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Interaction of Four Antagonistic Fungi with Botrytis aclada in Dead Onion Leaves: A Comparative Microscopic and Ultrastructural Study

June 1997 , Volume 87 , Number  6
Pages  634 - 642

J. Köhl , R. R. Bélanger , and N. J. Fokkema

First and third authors: DLO Research Institute for Plant Protection (IPO-DLO), P.O. Box 9060, 6700 GW Wageningen, the Netherlands; second author: Departement de Phytologie-FSAA, Centre de Recherche en Horticulture, Universite Laval, Quebec, G1K 7P4 Canada

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Accepted for publication 5 March 1997.

The colonization of dead onion leaves by Botrytis aclada and the fungal antagonists Aureobasidium pullulans, Chaetomium globosum, Glio-cladium catenulatum, and Ulocladium atrum and the interactions between B. aclada and each of the four antagonists were studied at the microscopic and ultrastructural level. This approach was used in an attempt to understand the colonization pattern of these fungi and the nature of the biocontrol activity of the antagonists that have shown a potential to suppress spore production of Botrytis spp. on necrotic plant tissues. When applied alone, B. aclada and U. atrum were found throughout the leaf tissues in high densities after an incubation period of 6 days at 18°C in a moist chamber. C. globosum and G. catenulatum colonized only the outer portions of the leaf, whereas A. pullulans appeared to be concentrated in the leaf stomata. When pathogen and antagonists were applied together, ultrastructural observations revealed that cells of B. aclada were plasmolyzed in the presence of G. catenulatum, suggesting a reaction to antifungal molecules. Antibiosis also seemed to be involved, albeit to a lesser extent, in the antagonistic interactions between B. aclada and A. pullulans or C. globosum. No evidence of direct parasitism was recorded. On the other hand, U. atrum appeared to completely exclude B. aclada from dead onion tissues when both fungi competed for the substrate. Ultrastructural observations of the in vitro interaction between the two fungi did not reveal parasitism or antibiosis by either fungus. Based on previous records of its biocontrol potential and observations of its colonizing properties, it appears that U. atrum can compete for and utilize necrotic tissues rapidly and extensively, thus, excluding competitors without any other antagonistic action.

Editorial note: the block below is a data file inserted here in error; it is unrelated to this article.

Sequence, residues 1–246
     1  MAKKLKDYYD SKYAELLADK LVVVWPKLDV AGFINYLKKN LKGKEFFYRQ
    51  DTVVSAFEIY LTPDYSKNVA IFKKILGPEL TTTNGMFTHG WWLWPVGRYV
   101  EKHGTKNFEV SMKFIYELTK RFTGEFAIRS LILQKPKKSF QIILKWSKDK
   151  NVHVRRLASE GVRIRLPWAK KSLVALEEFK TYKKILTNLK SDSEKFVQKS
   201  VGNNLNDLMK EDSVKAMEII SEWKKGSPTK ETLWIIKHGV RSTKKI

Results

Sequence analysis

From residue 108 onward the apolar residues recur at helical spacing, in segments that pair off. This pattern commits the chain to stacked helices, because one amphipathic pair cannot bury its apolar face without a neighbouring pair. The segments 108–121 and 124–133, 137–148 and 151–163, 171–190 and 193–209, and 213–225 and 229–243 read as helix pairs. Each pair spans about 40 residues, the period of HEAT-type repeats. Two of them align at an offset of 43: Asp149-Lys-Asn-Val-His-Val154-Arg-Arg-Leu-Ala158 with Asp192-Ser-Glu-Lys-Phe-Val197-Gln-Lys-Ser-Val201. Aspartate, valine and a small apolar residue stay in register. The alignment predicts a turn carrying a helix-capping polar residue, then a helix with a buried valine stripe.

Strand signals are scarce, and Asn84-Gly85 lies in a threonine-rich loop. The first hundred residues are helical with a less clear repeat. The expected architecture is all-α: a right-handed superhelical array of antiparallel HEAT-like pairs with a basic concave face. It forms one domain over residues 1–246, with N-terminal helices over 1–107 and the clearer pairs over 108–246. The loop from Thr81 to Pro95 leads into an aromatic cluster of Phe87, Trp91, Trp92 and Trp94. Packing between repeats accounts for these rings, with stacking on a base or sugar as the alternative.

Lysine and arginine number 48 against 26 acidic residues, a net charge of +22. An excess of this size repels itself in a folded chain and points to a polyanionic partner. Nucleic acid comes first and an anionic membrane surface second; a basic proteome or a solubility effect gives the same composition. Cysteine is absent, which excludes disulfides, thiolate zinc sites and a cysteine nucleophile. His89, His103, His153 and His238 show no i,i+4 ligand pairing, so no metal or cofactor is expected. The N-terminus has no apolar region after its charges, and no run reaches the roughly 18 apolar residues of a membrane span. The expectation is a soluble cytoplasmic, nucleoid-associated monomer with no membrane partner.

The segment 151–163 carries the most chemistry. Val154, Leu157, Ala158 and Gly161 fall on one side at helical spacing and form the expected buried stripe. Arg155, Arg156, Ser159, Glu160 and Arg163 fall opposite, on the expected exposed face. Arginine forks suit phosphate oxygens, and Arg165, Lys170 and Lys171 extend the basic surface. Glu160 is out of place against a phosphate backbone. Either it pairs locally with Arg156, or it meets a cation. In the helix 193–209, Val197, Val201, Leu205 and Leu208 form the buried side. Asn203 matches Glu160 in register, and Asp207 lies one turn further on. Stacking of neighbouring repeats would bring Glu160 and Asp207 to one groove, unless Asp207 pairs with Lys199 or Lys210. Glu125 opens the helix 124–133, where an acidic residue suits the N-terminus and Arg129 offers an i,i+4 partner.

Additional keywords: biological control, cell damage.

© 1997 The American Phytopathological Society